Hyderabad Ophthalmologists' Association


What determines eye colour?

Your eye colour is determined by the amount of melanin in the cells of the outside layer of your iris. Everybody has roughly the same amount of these cells - melanocytes - but the amount of melanin they contain depends on the individual.

Melanin is a natural substance that absorbs light, giving colour to hair, skin and eyes. The level of melanin we have, and our eye colour, is partly determined by our genes.

If there is a large amount of melanin in your iris cells, you are likely to have brown eyes and darker coloured skin and hair. If there is little, you are more likely to have blue eyes, pale skin and blonde hair.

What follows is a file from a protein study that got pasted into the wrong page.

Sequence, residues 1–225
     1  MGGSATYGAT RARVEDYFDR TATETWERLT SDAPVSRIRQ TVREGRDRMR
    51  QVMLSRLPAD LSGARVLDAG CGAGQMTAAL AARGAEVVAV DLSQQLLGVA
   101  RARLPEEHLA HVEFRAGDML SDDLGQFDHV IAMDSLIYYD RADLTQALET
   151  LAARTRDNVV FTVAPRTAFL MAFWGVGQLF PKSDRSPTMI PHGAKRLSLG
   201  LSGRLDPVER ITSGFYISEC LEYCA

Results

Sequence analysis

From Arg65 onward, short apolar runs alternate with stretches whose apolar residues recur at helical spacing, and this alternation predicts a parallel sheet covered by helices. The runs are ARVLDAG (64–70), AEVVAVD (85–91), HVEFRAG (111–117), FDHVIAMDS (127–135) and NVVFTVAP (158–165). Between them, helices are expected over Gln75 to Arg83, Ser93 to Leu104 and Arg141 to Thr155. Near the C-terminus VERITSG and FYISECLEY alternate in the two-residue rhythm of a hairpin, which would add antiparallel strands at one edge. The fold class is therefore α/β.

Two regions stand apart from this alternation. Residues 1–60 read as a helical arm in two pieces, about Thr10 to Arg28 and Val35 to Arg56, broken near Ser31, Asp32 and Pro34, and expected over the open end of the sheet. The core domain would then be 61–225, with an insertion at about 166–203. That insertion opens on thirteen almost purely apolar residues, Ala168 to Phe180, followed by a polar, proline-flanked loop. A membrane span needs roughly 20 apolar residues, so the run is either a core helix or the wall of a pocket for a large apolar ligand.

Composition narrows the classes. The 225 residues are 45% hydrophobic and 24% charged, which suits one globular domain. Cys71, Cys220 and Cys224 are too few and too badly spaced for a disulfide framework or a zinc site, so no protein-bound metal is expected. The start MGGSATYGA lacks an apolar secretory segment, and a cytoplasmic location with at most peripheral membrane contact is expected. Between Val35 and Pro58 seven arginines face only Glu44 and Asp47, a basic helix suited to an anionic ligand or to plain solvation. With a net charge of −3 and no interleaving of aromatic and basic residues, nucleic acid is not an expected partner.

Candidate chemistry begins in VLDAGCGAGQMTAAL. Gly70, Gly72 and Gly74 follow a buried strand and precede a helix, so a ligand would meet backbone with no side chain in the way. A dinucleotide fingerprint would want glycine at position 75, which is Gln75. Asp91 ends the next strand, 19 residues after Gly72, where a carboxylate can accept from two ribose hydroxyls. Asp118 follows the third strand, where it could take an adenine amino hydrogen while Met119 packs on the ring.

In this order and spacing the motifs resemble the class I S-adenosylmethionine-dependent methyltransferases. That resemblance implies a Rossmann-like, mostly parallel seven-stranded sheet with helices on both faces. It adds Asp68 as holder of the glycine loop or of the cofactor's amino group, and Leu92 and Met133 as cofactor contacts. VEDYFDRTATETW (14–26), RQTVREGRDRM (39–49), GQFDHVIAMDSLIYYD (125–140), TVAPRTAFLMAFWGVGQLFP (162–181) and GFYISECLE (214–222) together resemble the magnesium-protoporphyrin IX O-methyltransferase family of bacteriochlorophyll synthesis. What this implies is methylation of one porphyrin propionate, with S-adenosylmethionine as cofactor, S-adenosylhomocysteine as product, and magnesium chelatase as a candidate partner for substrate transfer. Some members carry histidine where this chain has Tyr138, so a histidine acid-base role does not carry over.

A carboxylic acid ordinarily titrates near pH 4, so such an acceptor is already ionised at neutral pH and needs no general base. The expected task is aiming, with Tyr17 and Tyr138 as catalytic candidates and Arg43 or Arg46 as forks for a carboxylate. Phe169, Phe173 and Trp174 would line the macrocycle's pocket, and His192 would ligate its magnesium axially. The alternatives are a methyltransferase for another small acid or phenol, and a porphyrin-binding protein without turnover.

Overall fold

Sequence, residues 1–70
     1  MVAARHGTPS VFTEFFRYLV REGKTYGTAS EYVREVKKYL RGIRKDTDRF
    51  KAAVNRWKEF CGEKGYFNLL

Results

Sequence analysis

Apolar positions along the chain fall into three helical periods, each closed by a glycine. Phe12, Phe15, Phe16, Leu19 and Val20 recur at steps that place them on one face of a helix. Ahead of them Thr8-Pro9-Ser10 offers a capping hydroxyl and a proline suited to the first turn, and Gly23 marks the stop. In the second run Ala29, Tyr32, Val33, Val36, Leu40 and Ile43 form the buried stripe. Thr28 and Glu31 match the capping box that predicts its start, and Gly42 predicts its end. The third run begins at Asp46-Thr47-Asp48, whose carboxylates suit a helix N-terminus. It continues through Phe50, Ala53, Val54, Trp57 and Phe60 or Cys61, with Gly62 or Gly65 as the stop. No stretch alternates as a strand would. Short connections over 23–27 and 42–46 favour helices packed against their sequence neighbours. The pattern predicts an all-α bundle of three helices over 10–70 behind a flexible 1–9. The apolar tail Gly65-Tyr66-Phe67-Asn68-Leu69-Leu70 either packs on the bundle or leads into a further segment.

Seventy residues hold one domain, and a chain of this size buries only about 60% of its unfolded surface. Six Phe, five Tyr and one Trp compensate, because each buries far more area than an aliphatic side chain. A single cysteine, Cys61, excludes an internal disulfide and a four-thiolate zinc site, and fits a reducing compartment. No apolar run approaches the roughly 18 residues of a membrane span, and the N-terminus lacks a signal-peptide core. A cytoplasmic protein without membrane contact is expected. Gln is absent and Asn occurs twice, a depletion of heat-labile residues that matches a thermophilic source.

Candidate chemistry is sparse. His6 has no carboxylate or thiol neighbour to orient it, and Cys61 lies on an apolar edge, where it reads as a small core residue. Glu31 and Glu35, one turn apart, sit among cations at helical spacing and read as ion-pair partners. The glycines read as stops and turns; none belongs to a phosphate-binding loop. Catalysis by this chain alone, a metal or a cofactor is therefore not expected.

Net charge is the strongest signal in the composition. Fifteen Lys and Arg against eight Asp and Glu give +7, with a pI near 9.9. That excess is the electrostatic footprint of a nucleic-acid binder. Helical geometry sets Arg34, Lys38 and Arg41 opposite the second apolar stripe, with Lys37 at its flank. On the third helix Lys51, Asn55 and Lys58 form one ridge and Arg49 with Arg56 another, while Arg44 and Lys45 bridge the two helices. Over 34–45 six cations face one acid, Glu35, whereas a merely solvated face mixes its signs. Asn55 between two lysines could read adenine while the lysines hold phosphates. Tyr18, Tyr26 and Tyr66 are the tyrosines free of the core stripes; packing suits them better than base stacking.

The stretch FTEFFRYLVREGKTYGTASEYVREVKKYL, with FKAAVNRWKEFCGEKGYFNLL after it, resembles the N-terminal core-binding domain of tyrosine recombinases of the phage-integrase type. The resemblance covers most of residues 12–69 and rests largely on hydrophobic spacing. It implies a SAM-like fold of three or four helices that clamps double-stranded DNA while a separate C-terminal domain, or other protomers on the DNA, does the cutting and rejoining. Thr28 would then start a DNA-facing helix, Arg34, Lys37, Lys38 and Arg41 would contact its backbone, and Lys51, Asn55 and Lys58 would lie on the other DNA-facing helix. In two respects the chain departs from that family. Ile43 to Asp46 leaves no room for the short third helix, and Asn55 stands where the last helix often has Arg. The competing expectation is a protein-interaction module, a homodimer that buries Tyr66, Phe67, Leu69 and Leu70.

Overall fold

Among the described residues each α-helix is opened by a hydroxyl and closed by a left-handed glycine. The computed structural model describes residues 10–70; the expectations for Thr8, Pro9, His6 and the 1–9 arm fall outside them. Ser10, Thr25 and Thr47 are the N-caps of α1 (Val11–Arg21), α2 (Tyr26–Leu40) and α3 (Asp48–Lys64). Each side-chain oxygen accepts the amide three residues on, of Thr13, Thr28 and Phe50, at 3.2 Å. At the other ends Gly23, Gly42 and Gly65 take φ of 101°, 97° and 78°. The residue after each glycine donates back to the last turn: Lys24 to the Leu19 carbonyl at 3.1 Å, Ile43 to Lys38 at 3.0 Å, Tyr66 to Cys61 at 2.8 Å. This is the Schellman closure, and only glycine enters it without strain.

The actual colour of the eyes for those with less melanin is yellow, but it appears as blue or grey because of light being reflected back by collagen. Collagen inside the iris scatters and absorbs all colours apart from blue or grey, which bounce back through the top layer of the iris.

Why do pupils dilate?

The pupil is a circular hole in the middle of the iris which regulates the amount of light passing through to the retina. In dark conditions the pupil expands - or 'dilates' - to allow as much light as possible pass through. In bright conditions the pupil shrinks, limiting the amount of light passing through.




Our pupils also dilate when we rapidly change from 'distant' to 'near' focus, and when we are aroused by things that attract or interest us. Certain drugs may also cause dilation.

What is the blind spot?

The blind spot is the point in the eyeball at the head of the optic nerve. This is where nerve fibres and blood vessels leave the eye, and as a result there are no photosensitive cells. Any images, therefore, that are projected onto the blind spot are simply not registered by the brain


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